A proposed rule that would allow members of federally recognized American Indian tribes to gather and remove plants for traditional purposes within U.S. national parks was published in the federal register on Monday. The rule would modify current regulations against it.
The National Park Service, in drafting the rule, contacted more than 120 Indian tribes and acknowledged that tribes lacked access to resources that sustain their cultures.
Loretta Jackson-Kay, cultural director of the Hualapai Tribe in Arizona, told The Associated Press she was amenable toward the rule, but was concerned about environment assestments, which are made public and require tribes to share what they gathered and how they used the plants.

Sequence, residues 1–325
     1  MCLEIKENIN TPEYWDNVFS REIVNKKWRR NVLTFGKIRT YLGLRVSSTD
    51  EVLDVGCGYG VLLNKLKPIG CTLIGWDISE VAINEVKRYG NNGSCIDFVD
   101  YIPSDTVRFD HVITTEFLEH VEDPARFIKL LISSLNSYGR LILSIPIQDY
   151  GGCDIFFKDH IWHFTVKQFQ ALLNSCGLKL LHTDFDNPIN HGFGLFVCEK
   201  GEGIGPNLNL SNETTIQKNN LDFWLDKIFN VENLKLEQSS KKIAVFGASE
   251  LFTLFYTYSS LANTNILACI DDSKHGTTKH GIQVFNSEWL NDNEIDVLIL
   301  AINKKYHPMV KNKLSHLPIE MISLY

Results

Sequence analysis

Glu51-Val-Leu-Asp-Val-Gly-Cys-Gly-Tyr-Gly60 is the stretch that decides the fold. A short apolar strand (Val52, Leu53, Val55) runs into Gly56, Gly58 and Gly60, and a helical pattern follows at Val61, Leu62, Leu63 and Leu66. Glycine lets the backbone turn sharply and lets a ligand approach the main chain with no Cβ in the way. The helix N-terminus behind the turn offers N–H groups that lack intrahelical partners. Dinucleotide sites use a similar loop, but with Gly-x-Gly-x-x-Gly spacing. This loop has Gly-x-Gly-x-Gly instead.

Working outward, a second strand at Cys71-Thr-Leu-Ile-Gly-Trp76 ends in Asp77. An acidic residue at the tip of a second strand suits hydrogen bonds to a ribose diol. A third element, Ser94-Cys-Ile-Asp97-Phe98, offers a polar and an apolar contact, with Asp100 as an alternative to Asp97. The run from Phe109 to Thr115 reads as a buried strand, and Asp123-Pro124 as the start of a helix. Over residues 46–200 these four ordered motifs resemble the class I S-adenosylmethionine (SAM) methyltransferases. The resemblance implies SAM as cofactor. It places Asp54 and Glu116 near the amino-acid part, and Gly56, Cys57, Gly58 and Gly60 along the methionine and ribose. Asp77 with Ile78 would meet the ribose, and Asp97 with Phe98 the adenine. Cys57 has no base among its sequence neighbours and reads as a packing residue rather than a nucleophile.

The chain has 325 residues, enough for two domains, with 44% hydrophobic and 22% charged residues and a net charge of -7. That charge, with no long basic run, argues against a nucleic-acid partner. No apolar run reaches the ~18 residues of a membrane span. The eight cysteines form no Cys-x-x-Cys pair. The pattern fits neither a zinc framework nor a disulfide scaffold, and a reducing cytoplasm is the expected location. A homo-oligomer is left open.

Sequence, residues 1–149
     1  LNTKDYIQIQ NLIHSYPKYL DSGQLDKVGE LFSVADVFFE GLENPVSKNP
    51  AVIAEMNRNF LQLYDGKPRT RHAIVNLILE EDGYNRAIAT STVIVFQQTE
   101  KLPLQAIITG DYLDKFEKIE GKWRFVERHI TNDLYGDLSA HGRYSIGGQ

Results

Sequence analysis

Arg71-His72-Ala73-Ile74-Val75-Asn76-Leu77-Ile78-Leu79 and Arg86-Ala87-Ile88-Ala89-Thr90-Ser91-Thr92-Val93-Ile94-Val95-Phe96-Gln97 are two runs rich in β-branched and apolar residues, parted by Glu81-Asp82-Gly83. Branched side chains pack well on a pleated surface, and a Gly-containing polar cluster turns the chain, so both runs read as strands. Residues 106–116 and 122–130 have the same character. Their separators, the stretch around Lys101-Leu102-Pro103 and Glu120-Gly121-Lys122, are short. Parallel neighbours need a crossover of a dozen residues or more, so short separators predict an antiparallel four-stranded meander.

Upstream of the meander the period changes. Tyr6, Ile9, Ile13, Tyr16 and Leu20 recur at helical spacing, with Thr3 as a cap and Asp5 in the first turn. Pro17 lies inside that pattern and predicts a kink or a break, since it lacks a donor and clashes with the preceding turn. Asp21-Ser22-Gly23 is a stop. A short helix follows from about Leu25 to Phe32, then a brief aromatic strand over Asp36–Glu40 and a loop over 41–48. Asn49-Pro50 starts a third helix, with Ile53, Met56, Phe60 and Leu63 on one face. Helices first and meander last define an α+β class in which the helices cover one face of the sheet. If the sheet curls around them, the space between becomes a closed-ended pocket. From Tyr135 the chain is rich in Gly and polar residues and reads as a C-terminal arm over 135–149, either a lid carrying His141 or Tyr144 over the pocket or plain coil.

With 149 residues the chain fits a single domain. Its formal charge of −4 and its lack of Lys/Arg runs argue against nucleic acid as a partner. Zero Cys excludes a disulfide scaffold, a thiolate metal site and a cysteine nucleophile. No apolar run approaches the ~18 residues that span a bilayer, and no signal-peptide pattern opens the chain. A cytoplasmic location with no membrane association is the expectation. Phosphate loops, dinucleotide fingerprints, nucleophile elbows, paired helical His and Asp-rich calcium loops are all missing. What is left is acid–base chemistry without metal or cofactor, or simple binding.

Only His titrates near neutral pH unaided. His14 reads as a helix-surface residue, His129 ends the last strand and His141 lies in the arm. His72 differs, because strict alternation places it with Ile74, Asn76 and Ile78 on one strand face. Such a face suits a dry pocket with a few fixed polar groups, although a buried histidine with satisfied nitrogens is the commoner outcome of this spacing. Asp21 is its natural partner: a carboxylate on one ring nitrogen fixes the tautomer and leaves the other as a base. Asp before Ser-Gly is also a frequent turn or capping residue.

"We'll just have to wait and see how the Park Service responds to individual tribes," she told the wire service. "I'm glad this has come about. We've been having meetings about it over the past five years."
According to a NPS press release, the gathering and removal allowed by the rule would be governed by agreements entered into between the National Park Service and the tribes, and would also be subject to permits that identify the tribal members who may conduct these activities.
“The proposed rule respects tribal sovereignty and the government-to-government relationship between the United States and the tribes,” said National Park Service Director Jonathan B. Jarvis in a news release. “It also supports the mission of the National Park Service and the continuation of unique cultural traditions of American Indians.”
The rule does not apply to the general public. The public may gather fruit and nuts from certain parks with permission, The AP said.